Out in the back, new WWF Commissioner Mick Foley was seen humble-bragging to some dude in a suit about his hardcore glory days, only to be interrupted by Edge. The future Rated-R Superstar insisted that his partner, Christian, was violently ill and thus the duo wouldn't be able to defend their tag team titles tonight.

Unconvinced, Foley believed Christian to have a case of "Fraidy-Cat-Itis" but promised to send a doctor to check anyway.

Elsewhere in the arena, American Bad Ass Undertaker arrived at the arena and drove around the backstage area on his motorbike, giving chase to a clearly petrified Kurt Angle.

Tazz vs. Al Snow

Last seen on PPV at Backlash 2000 Tazz had been away for a while but has recently returned and started attacking random superstars like Too Cool and fellow ECW alum Al Snow.

WWE / WWF - Fully Loaded 2000 -  Tazz faced Al Snow
Seeking revenge, Snow made his first PPV appearance since Wrestlemania 2000 and went one-on-one with the human suplex machine.

Though it may not have been either man’s finest hour, this was a perfectly serviceable filler match that managed to succeed without any kind of hardcore plunder.

After a decent effort, Tazz locked Snow in the Tazzmission and this one was over.
Your Winner: Tazz

Out in the back, Christian emerged from a bathroom stall looking worse for wear but still adamant that he could go tonight.

Mick Foley and an EMT arrived, the latter declaring that Christian was in no fit state to compete.

Looking concerned, Foley apologized for doubting Edge earlier.

The plot thickened...

Roses are Red, Violets are Blue, it’s True, it’s True

WWE / WWF - Fully Loaded 2000 -  Triple H and Stephanie McMahon talk in their dressing room
Across the way, Triple H & Stephanie McMahon were watching the show on a monitor and reacting to what we’d just seen.

As they did this, Harvey Wippleman brought Stephanie another bouquet of flowers to add to the many that were already in the room.

‘Alright, who are these from?’ Demanded Hunter.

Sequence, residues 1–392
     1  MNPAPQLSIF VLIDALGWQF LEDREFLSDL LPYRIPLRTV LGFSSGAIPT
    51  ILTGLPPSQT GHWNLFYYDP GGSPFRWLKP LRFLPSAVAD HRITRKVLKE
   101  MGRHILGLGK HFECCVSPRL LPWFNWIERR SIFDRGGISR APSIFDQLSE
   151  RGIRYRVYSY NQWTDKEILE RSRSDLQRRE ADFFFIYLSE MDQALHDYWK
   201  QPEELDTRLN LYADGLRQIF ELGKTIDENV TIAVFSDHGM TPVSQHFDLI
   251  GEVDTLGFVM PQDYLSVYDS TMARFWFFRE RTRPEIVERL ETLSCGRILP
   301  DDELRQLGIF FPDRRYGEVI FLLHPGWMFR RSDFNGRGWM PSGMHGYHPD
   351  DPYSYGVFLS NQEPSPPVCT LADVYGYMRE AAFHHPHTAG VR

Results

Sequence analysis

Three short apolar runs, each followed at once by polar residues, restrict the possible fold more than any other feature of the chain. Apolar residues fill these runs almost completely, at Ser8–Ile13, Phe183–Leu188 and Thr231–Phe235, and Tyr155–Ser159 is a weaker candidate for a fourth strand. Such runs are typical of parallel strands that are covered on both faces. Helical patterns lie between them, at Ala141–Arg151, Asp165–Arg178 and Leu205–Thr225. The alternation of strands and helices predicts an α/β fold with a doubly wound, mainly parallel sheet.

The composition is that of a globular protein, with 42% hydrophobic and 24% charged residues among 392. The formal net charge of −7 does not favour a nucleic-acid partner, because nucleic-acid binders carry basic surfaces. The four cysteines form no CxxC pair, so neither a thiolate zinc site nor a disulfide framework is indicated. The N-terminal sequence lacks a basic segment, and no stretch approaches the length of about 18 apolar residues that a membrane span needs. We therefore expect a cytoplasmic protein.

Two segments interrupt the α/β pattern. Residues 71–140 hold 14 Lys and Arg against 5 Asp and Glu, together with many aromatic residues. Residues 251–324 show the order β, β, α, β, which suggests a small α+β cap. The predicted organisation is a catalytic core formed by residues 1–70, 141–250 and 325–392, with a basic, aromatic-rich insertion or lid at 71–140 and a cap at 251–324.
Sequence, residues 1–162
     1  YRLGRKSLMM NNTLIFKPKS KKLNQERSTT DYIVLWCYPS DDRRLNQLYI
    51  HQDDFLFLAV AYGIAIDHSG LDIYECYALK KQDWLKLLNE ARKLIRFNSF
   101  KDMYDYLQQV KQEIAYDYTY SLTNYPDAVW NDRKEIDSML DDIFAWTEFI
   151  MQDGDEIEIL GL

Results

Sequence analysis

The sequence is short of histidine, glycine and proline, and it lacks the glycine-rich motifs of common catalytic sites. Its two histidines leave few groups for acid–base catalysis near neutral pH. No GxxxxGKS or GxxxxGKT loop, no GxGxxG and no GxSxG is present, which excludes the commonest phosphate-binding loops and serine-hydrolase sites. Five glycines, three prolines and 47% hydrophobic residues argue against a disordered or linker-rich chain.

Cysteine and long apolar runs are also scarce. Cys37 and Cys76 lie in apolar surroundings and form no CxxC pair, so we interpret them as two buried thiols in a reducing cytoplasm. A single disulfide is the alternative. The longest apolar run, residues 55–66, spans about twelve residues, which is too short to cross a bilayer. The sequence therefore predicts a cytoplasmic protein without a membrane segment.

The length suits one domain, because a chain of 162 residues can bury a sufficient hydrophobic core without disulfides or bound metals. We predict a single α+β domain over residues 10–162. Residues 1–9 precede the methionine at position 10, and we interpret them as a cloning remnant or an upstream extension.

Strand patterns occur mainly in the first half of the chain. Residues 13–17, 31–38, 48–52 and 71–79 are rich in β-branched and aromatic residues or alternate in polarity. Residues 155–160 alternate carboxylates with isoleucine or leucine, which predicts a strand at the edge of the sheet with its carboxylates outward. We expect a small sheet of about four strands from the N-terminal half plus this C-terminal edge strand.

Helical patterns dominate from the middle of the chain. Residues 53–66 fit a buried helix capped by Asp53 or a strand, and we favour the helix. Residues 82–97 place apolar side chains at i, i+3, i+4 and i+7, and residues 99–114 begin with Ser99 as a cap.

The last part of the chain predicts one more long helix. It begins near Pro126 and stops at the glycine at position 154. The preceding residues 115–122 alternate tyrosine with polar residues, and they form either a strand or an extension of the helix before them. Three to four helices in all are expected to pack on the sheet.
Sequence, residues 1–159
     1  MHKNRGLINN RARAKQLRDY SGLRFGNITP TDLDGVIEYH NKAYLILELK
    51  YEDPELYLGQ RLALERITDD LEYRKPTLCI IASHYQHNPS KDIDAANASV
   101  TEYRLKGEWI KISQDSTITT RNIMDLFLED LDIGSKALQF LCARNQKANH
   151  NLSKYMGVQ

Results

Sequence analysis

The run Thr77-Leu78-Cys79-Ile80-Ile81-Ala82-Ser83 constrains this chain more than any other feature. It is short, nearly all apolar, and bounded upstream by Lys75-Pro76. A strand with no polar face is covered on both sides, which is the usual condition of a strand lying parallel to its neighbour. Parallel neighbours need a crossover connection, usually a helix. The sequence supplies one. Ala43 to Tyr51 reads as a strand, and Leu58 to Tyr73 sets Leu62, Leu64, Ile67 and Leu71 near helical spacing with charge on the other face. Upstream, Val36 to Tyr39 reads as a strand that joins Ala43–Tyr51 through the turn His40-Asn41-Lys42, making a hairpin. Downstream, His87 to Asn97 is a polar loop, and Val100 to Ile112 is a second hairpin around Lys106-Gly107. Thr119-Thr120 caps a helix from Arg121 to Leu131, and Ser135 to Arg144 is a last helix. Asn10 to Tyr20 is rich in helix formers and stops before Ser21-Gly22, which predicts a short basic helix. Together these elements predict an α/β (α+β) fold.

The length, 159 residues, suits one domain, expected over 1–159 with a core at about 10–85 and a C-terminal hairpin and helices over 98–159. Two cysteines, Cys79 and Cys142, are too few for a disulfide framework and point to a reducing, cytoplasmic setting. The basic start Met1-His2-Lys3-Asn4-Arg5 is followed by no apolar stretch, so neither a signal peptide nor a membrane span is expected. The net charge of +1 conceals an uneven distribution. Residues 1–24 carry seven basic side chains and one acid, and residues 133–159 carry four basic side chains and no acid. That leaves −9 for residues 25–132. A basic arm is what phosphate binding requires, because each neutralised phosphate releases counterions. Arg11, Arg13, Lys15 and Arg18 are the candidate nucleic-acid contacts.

‘What do you mean? They’re not from you?’

As Steph pleaded her innocence and ignorance as to the sender of the flowers, Hunter rummaged around to find a card attached to them.

It read ‘Stephanie, best of luck to you and your man tonight, it’s true, it’s true.’

Uh oh...

Hunter wasn’t the only one having relationship troubles, either. His ex, Chyna, had only been going out with Eddie Guerrero for a few short months but already she looked P-O’d with Latino Heat as they made their way out for our next matchup.

WWE / WWF - Fully Loaded 2000 -  Terri helped Perry Saturn win his first European Championship World Wrestling Federation European Championship
WWF European Champion Eddie Guerrero (w/ Chyna) vs. Perry Saturn (w/ Terri Runnels)

After getting involved in a bust-up with Chyna and Eddie, Perry Saturn’s new manager, Terri Runnels, hid from the duo and ran backstage before the match officially got underway.

That just left the two former Radicalz members to duke it is out in a really good match.

Combining aerial moves with hard-hitting offence and more than a good bit of outside interference from Mamacita, this one went back and forth several times before the Horny Little She-Devil Terri got involved and helped her man win his first title in the WWF.
Your Winner and NEW European Champion: Perry Saturn 

Out in the back, Mick Foley caught Edge & Christian faking Christian’s illness.

WWE / WWF - Fully Loaded 2000 -  Terri helped Perry Saturn win his first European Championship
Foley ordered the two men to compete tonight and gave his humble, medical opinion that the duo were doing to get their asses kicked.

Across the arena, Michael Cole wanted The Undertaker’s medical opinion about his match with Kurt Angle.

The American Bad Ass thought Cole’s little segue was cute, but before he could give an answer, he saw Angle on a monitor, trying to get his motorbike started.

Naturally, the former WWF Champion gave chase, calling Angle a ‘little bitch’ in the process.

World Wrestling Federation World Tag Team Championship
WWF Tag Team Champions Edge & Christian vs. The Acolytes (Farooq & Bradshaw)

Not letting Foley get to them, the tag team champions strutted to ringside with all the confidence in the world and set about infuriating the Texas crowd by insulting their local sports teams and making distasteful remarks about the JFK assassination.

Bradshaw is a boob monster with a small willy hahahah
Before they could do their five-second pose, however, The Acolytes stormed to the ring.

Visibly irate, native Texan Bradshaw took to the microphone and lambasted the champions for getting ‘cheap heat’ at the expense of his home state.

Bradshaw, who looked chubby and out of shape, then got the crowd on his side by praising the same sports teams E&C had just derided, as well as giving a shout out to World Class Championship Wrestling legends The Von Erichs and The Fabulous Freebirds.